I was recently asked to talk about a person who I admire who has Tourette Syndrome. What better way to answer this question than with a blog post. So, who do I admire? Jennifer Zwilling — the creator of the National Youth Ambassador program.
From the time I was diagnosed with TS at age 6 until my freshman year in high school, I devoted all my energy to hiding my tics when I was in school. I had seen my first-grade class relentlessly tease Eric, a boy who had uncontrollable outbursts, and I was definately not going to be a victim like him.
I was even afraid and embarrassed to tell my friends about my disorder. I was always exhausted from working so hard to hide who I really was. Many years of cognitive therapy and medications allowed me to have some control over my tics, but it was not easy.
The big change came in high school, when as a freshman I came clean. I realized that if I wanted to focus on academics, I would have to stop devoting so much energy to hiding my tics.
During a discussion with my doctor about my ticks, she compared TS with diabetes and peanut allergies. She stated that people with diabetes don’t hide that they get insulin shots and students with peanut allergies don’t hide that they sit at a peanut-free table at lunch.
Similarly, I should not hide who I am simply because I have TS and tic. I started to realize that my disorder was not something that made me “bad” and it was not my fault that I suffered from TS. My doctor suggested that I look at some TS websites for more information.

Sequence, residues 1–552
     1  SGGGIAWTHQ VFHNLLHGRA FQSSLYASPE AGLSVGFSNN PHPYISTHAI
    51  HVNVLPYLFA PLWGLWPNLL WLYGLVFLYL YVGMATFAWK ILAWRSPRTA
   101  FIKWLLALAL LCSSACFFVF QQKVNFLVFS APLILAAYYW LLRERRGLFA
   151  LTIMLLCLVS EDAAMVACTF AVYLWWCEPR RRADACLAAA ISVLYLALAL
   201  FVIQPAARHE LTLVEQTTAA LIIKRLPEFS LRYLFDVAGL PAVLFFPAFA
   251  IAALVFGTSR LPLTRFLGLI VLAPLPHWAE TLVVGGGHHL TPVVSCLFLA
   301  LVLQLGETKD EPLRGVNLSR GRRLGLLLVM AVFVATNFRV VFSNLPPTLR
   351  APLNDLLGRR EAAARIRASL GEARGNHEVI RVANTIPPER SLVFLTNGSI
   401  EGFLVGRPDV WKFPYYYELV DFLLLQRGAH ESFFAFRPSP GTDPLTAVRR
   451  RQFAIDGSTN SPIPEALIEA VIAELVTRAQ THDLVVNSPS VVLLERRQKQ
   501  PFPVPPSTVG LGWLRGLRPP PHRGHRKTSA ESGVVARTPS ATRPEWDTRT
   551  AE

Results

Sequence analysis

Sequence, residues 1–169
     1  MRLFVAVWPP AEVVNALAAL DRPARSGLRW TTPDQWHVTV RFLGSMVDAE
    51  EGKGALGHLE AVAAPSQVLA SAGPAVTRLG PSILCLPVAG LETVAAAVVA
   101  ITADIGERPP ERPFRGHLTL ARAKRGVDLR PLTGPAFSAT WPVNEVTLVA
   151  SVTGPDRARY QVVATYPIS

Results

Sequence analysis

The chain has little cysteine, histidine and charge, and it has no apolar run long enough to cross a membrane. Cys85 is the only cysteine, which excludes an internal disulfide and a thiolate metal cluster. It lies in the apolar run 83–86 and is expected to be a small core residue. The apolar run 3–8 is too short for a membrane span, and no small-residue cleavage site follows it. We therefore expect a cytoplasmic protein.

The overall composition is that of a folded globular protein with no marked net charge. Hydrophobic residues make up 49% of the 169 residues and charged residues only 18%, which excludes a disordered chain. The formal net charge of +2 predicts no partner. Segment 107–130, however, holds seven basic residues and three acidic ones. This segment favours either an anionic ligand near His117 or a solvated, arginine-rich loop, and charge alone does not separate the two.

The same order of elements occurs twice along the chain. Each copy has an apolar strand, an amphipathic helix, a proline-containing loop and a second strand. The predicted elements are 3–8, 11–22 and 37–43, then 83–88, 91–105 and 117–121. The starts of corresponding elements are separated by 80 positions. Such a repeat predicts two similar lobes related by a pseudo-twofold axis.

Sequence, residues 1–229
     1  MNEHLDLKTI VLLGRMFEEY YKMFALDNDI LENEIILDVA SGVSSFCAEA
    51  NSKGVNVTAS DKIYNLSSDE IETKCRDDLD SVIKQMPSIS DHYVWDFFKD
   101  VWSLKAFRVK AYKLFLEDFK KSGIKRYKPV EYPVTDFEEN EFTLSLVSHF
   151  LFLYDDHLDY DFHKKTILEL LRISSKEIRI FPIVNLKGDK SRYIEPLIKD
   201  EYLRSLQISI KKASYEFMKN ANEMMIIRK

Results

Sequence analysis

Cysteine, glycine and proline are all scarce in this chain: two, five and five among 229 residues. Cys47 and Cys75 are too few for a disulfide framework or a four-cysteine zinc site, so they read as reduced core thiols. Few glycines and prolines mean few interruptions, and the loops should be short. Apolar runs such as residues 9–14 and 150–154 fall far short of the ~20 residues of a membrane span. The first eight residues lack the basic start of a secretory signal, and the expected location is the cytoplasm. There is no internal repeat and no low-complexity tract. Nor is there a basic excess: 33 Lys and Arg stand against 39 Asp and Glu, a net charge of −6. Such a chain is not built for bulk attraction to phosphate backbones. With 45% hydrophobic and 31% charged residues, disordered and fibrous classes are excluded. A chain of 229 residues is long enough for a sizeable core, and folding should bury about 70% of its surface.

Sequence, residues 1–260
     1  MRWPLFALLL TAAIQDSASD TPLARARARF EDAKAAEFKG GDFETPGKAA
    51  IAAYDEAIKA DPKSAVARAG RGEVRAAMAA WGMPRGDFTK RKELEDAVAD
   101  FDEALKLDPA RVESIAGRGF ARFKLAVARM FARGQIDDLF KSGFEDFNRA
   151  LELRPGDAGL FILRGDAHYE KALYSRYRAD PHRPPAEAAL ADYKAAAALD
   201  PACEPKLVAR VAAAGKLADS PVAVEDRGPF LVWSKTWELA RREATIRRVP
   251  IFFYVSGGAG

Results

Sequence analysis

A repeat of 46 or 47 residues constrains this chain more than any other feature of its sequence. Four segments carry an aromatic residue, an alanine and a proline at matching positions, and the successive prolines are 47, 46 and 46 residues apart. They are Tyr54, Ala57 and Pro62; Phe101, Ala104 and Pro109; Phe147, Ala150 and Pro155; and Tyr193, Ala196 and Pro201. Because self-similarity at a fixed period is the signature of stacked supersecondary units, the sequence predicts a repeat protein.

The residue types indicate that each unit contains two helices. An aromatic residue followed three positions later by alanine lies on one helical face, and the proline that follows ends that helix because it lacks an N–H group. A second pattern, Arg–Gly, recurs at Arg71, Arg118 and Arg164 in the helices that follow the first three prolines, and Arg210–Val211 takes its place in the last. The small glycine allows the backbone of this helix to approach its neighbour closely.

Later that night, I found the TS Youth Ambassador Program online. I watched Jennifer Zwilling’s Youth Ambassador video and I read all about her: She won the VH1 Do Something Award, attended Duke University,and was living an awesome social life! “I could do this… It’s OK to be who I am… Jen did it! So can I.”
I applied for and was accepted to represent NJ at the Youth Ambassador Training Conference in 2010. At that Training Conference, I met an amazing group of smart, brave and interesting kids who had TS, just like me. Thank you, Jennifer, for showing me that I was not the only person in the world with TS. Thank you, Jennifer, for exposing me to this fabulous program that you developed and that now helps thousands of children nationwide.
Now I lecture at schools, just like Jennifer Zwilling. Now I spread the word about TS and the bullying that often accompanies it. Now I am responsible for teaching students that it is wrong to bully others.
I am so appreciative for the New Jersey Center for Tourette Syndrome and their staff. First and foremost, they gave me the courage to be ME! Because of NJCTS, I know that it is OK to have TS, that I did nothing wrong to get TS and that it is really just the same as having diabetes or a peanut allergy.
NJCTS staff and programs helped me really understand that it is not OK for anyone to make fun of me or anyone else because of TS or for any reason. With the support of NJCTS, I have come clean and will tell anyone and everyone that I have TS and I will discuss it — especially in the hopes that I can help someone else who has TS or any other disorder be proud of who they are.
NJCTS also afforded me great opportunities to lecture on their behalf and as a result I have developed public-speaking skills. I have represented NJCTS on many occasions, including at Yeshiva University Graduate School and on a segment on NJ News Channel 12. And NJCTS has always supported my work. NJCTS has introduced me to the most incredible people. I wouldn’t be the person I am today if it wasn’t for NJCTS.
PLEASE, get involved with your local TS chapter! The people you will meet along the journey, while being involved with incredible association, will change your life.